The patients were a bit more typical today – vague numbness, back pain, headache – but they were still quite interesting. Neena saw young woman with a spastic paraparesis that occurred at the age of four who had been completely evaluated at either KCMC or Muhimbili Hospital in the past, but the scans and all the records had been lost when their home burned so we had none of them. It ws very difficult to resist putting her in the scanner here just so we would have our questions answered, but it wouldn’t change her care one bit and we were left with only speculation as to whether she had had an ischemic event, bleed from an AVM or anything else that might have produced her deficits. She had been stable for 15+ years so it certainly wasn’t something that was progressive. She had seizures that we were treating and we would work on that for now.
Neena also had the opportunity to evaluate a young woman brought in on a stretcher and who was totally unresponsive. This is quite a common event here, to have either someone brought from school or from the fields after having fallen down and were now unresponsive. They are usually woman, though occasionally we’ve had boys come in with this, but I’ve never seen an adult male with it. This young woman was accompanied by her teacher and she had had a similar episode in March when Jamie Podell had seen her, but she had done well since then until we arrived back in town.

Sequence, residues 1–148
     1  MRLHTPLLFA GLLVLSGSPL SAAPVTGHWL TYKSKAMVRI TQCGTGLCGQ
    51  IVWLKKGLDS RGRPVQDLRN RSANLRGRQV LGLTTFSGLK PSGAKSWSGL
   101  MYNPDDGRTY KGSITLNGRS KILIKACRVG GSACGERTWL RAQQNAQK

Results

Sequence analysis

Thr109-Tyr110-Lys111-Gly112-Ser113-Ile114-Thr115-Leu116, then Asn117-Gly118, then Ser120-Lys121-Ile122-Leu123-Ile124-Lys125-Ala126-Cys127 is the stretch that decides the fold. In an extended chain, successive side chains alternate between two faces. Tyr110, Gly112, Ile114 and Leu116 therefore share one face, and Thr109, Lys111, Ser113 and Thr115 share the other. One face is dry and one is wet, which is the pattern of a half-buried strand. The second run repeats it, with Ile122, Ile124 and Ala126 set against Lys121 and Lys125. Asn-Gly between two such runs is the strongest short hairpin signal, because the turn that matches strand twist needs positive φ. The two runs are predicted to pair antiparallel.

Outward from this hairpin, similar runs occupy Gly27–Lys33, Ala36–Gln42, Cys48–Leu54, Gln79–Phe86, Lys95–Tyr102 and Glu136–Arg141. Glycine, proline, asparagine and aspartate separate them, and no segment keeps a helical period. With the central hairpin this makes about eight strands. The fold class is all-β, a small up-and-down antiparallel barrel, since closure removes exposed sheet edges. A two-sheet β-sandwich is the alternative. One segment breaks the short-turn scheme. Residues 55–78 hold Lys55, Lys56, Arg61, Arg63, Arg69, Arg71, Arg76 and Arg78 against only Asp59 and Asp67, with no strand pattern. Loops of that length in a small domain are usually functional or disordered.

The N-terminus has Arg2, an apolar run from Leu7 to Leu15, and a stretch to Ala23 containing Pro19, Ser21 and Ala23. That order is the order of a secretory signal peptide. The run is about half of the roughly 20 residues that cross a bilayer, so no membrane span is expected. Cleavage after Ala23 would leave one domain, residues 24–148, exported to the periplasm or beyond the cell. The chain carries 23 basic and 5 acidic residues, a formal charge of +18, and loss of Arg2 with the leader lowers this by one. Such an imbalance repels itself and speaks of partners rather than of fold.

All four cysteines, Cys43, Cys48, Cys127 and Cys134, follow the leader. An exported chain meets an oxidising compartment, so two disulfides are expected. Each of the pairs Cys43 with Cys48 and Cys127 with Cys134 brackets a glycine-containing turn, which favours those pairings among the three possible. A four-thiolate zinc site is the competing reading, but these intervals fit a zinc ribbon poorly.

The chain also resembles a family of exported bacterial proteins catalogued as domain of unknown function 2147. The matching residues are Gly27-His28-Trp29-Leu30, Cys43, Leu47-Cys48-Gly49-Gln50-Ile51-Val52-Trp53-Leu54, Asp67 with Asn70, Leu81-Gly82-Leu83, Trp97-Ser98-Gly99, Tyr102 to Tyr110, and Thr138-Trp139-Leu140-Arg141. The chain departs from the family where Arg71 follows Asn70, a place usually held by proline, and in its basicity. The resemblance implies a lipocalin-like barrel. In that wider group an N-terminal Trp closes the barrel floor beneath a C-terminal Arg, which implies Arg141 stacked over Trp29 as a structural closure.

Neena went through her exam, which was, of course, normal though her eyes remained closed throughout her time with us and she had absolutely no movements. She blinked to clap, didn’t allow her hand to fall on her face and in general had all the signs we see in a patient who has “fallen out” or “swooned.” She was having another conversion episode. We had treated her with amitriptyline previously as she had also had some headaches and so now we decided to move her up to fluoxetine, a bit more potent of an antidepressant as it was clear she was having some issues with stress being away at boarding school. Neena reassured her teacher along with the patient, who remained “asleep,” but was clearly listening, that she would wake up very soon and be back to normal. I last saw her being loaded into their truck from the stretcher, still unresponsive, but more importantly not being admitted to the hospital as she had been in the past.